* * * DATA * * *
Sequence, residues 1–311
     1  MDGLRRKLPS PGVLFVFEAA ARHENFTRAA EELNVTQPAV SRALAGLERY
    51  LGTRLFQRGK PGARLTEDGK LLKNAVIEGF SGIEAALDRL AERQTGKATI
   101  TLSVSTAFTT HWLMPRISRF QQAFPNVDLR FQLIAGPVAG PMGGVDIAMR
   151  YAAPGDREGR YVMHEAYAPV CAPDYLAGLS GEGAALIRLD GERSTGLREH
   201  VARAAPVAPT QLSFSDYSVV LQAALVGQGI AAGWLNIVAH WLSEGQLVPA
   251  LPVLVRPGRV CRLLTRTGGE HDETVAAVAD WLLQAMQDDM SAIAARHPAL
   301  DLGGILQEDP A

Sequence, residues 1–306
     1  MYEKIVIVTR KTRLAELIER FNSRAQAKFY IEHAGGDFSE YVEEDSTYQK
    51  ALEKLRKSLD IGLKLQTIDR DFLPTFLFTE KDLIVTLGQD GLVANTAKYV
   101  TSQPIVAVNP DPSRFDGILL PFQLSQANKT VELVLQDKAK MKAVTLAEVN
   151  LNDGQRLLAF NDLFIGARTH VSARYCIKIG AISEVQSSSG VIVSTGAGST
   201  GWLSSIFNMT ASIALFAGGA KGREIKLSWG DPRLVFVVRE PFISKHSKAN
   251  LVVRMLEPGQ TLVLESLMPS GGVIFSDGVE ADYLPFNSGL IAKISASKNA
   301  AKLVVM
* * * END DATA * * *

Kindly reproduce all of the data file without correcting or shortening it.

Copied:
Sequence, residues 1–311
     1  MDGLRRKLPS PGVLFVFEAA ARHENFTRAA EELNVTQPAV SRALAGLERY
    51  LGTRLFQRGK PGARLTEDGK LLKNAVIEGF SGIEAALDRL AERQTGKATI
   101  TLSVSTAFTT HWLMPRISRF QQAFPNVDLR FQLIAGPVAG PMGGVDIAMR
   151  YAAPGDREGR YVMHEAYAPV CAPDYLAGLS GEGAALIRLD GERSTGLREH
   201  VARAAPVAPT QLSFSDYSVV LQAALVGQGI AAGWLNIVAH WLSEGQLVPA
   251  LPVLVRPGRV CRLLTRTGGE HDETVAAVAD WLLQAMQDDM SAIAARHPAL
   301  DLGGILQEDP A

Sequence, residues 1–306
     1  MYEKIVIVTR KTRLAELIER FNSRAQAKFY IEHAGGDFSE YVEEDSTYQK
    51  ALEKLRKSLD IGLKLQTIDR DFLPTFLFTE KDLIVTLGQD GLVANTAKYV
   101  TSQPIVAVNP DPSRFDGILL PFQLSQANKT VELVLQDKAK MKAVTLAEVN
   151  LNDGQRLLAF NDLFIGARTH VSARYCIKIG AISEVQSSSG VIVSTGAGST
   201  GWLSSIFNMT ASIALFAGGA KGREIKLSWG DPRLVFVVRE PFISKHSKAN
   251  LVVRMLEPGQ TLVLESLMPS GGVIFSDGVE ADYLPFNSGL IAKISASKNA
   301  AKLVVM